3. Due to the nature of their injuries, many of these men will require lifelong medical care, at an enormous cost to themselves and their families. In this sense, many of their family members have now become lifelong soldiers who serve our nation by providing care for their loved ones. Unfortunately, this reality is exacting a terrible toll on many of these family members, who not only lack the training to provide proper medical care, but who never realized they would be called on to provide ongoing care for their loved ones the rest of their lives.

4. While the medical care soldiers receive initially upon being injured is excellent beyond all imagination, the medical care they receive once they are Stateside is uneven at best and scandalous at worst. This book highlights all the worst aspects of government bureaucracy as it relates to the ongoing care these soldiers receive after their arrival Stateside. The author also does an excellent job of highlighting the ongoing costs our society will bear in the coming generations, and calls for us to commit ourselves as a nation to providing the very costly medical care these wounded heroes will need for the rest of their lives.

Some of the stories recounted in this book are quite inspirational, while others are dispiriting. This is a very informative, disturbing, and provocative book. I highly recommend it to anyone wishing to know what the cost of war is, and I hope this book will encourage all who may provide care to these wounded heroes--including nurses, friends, pastors, psychologists, and others--to consider how they personally can help these men in the future whenever they may meet these heroes.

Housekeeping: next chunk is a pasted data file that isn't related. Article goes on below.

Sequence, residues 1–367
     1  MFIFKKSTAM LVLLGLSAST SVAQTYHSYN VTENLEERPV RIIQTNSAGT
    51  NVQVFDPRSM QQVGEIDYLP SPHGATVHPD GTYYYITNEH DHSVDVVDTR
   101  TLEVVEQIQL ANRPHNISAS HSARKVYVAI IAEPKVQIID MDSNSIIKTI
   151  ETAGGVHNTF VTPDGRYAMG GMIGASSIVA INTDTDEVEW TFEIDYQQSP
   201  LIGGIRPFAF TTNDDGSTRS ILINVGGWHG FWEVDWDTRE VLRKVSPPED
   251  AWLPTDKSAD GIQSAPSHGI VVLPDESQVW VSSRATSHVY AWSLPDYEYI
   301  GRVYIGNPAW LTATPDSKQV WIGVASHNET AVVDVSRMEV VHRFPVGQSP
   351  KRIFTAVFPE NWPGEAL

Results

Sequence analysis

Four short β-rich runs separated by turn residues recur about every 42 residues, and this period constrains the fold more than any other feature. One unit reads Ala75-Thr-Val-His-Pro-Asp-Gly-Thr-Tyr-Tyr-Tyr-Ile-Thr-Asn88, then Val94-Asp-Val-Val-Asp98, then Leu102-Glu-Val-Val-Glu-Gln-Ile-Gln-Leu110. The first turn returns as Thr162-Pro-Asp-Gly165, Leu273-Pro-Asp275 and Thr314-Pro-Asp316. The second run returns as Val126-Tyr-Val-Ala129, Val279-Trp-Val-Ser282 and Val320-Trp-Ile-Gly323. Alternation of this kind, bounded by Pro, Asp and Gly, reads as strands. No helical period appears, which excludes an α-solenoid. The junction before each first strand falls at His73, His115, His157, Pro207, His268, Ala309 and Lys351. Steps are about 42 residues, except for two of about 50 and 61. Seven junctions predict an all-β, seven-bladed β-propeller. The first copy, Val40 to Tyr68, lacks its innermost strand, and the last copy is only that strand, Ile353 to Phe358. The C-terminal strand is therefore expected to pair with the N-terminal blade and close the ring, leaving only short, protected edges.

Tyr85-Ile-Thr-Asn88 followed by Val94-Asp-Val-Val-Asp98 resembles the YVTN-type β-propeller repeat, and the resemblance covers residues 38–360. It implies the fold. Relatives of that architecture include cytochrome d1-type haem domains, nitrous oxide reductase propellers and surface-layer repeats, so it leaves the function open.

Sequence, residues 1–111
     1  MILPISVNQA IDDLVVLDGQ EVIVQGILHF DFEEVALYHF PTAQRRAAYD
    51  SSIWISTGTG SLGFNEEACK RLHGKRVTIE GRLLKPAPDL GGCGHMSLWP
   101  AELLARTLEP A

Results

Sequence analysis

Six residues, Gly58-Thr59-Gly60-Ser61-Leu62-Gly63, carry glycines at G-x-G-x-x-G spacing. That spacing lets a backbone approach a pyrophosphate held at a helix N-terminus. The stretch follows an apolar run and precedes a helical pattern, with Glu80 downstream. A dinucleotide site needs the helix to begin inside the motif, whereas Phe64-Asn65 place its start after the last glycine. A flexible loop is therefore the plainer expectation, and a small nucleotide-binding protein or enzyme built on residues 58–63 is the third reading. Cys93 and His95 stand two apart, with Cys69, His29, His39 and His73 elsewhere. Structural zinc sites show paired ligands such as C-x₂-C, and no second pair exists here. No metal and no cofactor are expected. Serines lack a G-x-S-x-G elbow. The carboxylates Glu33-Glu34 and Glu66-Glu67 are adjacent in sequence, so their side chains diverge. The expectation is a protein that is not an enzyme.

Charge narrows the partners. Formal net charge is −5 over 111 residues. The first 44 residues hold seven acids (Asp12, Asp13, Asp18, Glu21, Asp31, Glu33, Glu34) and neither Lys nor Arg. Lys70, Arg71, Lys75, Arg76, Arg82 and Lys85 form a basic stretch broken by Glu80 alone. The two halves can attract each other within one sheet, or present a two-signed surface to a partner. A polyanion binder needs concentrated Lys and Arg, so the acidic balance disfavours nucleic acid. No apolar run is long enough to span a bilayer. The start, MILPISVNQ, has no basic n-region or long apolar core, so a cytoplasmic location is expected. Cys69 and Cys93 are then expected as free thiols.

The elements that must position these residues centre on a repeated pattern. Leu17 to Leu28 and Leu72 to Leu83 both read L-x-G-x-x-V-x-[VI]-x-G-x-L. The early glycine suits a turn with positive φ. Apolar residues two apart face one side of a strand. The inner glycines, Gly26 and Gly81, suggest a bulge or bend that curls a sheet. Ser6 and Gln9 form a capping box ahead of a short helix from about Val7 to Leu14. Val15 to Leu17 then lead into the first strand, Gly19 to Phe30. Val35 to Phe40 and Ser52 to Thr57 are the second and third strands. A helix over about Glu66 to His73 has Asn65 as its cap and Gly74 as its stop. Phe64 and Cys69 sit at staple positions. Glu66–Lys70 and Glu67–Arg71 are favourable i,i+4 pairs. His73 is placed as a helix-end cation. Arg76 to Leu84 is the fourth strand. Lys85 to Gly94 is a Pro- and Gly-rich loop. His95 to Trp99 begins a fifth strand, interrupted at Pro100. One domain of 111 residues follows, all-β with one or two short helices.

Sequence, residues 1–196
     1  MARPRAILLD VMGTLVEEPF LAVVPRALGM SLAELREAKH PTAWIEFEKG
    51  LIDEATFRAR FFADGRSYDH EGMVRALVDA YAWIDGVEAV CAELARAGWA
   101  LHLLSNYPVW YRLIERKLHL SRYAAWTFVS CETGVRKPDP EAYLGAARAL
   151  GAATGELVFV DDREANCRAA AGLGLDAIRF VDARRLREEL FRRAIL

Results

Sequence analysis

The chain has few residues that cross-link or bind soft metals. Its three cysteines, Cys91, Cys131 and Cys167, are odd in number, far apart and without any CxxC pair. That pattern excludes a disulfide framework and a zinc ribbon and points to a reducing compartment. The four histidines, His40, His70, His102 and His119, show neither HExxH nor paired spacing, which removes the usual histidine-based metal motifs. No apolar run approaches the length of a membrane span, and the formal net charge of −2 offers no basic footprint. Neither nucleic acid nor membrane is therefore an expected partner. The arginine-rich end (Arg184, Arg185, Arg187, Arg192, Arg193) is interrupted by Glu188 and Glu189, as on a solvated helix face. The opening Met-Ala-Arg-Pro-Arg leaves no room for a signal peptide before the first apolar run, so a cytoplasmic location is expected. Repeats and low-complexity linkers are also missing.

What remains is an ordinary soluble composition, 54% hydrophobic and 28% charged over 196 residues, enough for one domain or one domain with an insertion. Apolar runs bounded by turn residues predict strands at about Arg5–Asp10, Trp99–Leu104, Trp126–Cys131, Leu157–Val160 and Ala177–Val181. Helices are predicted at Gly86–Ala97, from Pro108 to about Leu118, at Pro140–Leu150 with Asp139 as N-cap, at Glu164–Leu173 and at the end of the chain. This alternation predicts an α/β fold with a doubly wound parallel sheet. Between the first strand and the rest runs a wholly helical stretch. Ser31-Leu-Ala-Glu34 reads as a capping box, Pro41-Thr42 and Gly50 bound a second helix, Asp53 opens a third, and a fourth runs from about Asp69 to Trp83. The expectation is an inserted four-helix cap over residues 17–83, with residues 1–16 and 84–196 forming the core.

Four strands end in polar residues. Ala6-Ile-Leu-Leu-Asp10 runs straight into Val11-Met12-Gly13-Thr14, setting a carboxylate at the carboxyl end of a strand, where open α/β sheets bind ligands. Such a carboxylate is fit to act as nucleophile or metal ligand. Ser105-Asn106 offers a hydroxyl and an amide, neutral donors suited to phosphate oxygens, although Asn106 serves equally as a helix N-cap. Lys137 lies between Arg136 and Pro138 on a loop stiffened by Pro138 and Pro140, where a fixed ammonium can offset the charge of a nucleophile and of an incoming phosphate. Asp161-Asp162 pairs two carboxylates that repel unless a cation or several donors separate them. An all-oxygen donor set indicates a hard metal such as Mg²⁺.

5.0 out of 5 stars Everyone should read this May 24 2012
By Danielle N. Hart - Published on
Format:Kindle Edition|Verified Purchase
This is a book that I think should be required reading for anyone who sees the VA as a source of funding to cut, or those who cry for the country to go to war without volunteering to go themselves.

It is not just about the severely wounded, and how a few of them have coped with surviving injuries that would have likely killed them in earlier conflicts, it is about the debt the country owes them.

It is about the wounds that can't be seen, and the fact that they are just as dangerous - or more - than ones everyone can see.

It puts a picture and faces to the people who are owed something for their sacrifice - more than just a paycheck, housing benefits - and it serves as a reminder that we must improve how our wounded veterans and servicemembers are treated.
5.0 out of 5 stars A must read for all June 16 2012
By Everydazegood - Published on
Format:Kindle Edition|Verified Purchase
I think everyone should read this book. I used to think that most of the military budget went to the war effort, but after reading this book, I now know that a lot goes to the ongoing care of the seriously wounded soldier, and it should be more. Regardless of what you think of America's involvement in these recent "conflicts" in Iraq and Afghanistan, you cannot help but be touched by the stories of these brave soliders and their equally brave and loyal wives and families. We wave flags and welcome the soldier home, but then we go on with our comfortable lives, and their struggle goes on. This book does a good job of highlighting the issues still facing our military, and opening our eyes to the real cost of war. Well done!